So far this week I’ve participated in the forums, started on my digital project, have done by assigned reading chapters 3-6 Student Engagement Techniques and have written my 2nd journal entry. All four chapters had something new to learn in them. So, my learning journey continues on, this is what I have learned.
An engaged learner examines, questions and relates new ideas to old, achieving a deep learning that lasts (Barkley, 2010). It went on to explain the difference between short and long term memory and retention of learned information. It was interesting to find out that if a student can remember information after 24 hours it’s probably been stored in their long-term storage and if they can’t remember this information that it’s not permanently stored and will probably not be retained. I stress this with my students that prefer to cram for exams the night before. What I didn’t know was that during deep sleep that short-term memory information can be retained into their long-term memory. Who knew, that deep sleep is where this happens?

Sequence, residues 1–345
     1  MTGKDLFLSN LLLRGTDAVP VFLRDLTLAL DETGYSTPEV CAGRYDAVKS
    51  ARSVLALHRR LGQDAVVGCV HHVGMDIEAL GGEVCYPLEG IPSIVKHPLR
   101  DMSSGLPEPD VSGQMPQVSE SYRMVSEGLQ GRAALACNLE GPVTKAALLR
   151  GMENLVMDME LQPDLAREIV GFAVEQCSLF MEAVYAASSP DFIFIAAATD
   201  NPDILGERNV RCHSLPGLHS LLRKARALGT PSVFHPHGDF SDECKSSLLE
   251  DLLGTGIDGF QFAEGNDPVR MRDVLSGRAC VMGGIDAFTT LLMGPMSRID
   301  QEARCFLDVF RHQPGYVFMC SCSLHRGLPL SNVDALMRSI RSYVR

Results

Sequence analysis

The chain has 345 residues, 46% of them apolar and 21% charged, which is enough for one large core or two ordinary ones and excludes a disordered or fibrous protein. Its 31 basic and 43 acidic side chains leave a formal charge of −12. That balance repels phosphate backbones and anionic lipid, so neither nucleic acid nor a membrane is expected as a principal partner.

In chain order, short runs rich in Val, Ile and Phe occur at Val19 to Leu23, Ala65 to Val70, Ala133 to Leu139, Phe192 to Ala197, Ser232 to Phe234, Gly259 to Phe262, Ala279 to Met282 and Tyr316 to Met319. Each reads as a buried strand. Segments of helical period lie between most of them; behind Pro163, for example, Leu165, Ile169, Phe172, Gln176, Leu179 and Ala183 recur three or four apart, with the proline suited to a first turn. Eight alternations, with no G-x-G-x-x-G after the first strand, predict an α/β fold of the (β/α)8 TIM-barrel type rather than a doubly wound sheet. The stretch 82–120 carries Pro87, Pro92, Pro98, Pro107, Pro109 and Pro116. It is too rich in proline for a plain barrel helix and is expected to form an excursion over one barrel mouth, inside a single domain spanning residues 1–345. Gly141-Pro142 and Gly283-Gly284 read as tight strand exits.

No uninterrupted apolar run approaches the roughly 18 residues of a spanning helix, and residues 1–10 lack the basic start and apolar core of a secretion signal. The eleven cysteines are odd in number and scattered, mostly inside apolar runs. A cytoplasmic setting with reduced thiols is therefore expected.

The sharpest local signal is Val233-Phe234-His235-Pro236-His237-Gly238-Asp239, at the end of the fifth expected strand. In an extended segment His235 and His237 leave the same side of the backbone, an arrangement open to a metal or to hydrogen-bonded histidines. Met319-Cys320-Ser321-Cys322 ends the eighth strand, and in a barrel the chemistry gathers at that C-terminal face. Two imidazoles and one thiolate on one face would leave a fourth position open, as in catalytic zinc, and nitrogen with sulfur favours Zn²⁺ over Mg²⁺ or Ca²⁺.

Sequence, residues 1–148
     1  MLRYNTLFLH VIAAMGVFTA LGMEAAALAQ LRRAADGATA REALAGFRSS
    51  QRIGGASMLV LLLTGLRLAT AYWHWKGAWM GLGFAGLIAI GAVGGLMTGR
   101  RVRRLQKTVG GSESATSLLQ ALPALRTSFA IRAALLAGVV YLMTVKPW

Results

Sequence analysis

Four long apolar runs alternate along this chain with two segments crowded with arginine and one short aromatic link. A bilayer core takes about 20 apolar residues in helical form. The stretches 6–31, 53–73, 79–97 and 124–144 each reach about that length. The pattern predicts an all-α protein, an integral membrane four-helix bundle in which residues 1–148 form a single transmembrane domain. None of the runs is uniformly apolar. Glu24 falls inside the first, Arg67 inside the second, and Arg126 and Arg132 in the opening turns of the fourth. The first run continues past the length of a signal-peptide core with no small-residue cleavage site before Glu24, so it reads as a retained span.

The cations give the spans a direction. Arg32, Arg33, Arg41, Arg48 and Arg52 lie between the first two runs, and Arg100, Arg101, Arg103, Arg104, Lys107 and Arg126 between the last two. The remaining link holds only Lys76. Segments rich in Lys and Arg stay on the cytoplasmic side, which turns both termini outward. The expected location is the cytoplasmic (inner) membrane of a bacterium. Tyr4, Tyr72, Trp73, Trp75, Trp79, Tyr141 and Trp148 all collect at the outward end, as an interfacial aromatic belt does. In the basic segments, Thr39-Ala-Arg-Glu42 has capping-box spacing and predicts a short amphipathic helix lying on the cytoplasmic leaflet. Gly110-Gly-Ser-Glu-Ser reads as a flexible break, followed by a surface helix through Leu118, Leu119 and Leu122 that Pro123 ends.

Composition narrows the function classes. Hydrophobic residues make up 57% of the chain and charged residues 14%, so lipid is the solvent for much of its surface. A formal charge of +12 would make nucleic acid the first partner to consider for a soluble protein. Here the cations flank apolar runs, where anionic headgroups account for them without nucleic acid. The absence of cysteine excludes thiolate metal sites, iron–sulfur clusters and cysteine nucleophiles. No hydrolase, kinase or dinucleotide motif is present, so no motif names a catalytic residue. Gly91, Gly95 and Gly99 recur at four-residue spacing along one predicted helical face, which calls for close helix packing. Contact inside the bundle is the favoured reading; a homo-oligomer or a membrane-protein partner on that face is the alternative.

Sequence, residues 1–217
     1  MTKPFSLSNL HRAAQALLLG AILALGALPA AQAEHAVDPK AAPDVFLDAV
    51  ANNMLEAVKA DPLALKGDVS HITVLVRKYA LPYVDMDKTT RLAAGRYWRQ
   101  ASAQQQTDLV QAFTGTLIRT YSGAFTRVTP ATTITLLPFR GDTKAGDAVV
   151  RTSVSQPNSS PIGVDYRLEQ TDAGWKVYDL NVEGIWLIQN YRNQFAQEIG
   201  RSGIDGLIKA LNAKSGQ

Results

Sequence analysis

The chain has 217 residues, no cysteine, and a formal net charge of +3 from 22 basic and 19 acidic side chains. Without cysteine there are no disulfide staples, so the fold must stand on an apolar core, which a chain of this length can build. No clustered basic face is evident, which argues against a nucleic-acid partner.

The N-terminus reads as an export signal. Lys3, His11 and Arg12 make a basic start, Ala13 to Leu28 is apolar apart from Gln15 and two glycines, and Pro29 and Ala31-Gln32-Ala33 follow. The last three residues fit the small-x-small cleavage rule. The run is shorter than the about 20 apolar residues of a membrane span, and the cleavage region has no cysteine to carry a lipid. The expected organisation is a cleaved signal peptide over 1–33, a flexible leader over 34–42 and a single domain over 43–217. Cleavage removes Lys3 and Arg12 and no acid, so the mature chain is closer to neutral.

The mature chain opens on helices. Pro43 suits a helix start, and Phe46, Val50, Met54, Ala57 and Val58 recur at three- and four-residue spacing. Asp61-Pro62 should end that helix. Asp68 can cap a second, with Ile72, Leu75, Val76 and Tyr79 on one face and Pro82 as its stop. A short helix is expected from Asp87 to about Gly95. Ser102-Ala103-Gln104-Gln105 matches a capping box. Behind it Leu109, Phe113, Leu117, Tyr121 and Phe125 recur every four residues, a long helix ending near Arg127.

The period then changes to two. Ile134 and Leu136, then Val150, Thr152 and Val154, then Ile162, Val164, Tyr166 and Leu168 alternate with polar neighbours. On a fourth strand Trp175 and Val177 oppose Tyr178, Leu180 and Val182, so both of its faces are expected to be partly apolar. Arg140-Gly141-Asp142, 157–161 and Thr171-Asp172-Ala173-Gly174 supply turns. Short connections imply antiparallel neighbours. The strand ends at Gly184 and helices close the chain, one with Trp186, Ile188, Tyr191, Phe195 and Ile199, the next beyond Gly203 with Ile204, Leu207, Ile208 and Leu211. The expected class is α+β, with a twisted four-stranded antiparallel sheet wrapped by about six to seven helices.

Creating a sense of classroom community will aid in learning. Learners having a sense of belonging and feeling comfortable, respected and valued are all helpful in active learning. This relates back to the Humanistic Learning Theory and Maslow’s Hierarchy of Needs.
By creating conditions where learners are interacting with each other will promote student engagement and motivation for active learning. Also by having students work at their “optimal level of challenge” (Barkley, 2010, p.27) will aid in student engagement. If learners aren’t challenged enough, they’ll get bored, if they’re way over challenged that leads to anxiousness. Either way leads to student disengagement. Bloom’s Taxonomy says that students learning is through body, heart and mind and that all 3 contribute to engagement. The affective domain involves how learners feel in the classroom and this is also critical to how they engage or disengage. Engaging teachers manage to find ways to challenge students at multiple cognitive levels as well as create an affective environment.
Gathering appropriate feedback from students allows instructors to truly establish what is happening with their students rather than just assuming that they know. “Teachers need to feel motivated to teach well” (Barkley, 2010, p.74). For students to be engaged, instructors must also be engaged. Everything I’ve read in these 4 chapters relates to the learner, but it could equally be adapted to the instructor. An unmotivated, disengaged instructor will likely have a classroom of unmotivated, disengaged learners. So, if we turn this around to a motivated, engaged instructor will likely have a classroom of motivated, engaged learners, wow!
I chose to write my 2nd journal entry on “everything we have learned about engaged learning is equally applicable to engaged teaching” (Barkley, 2010, p. 75).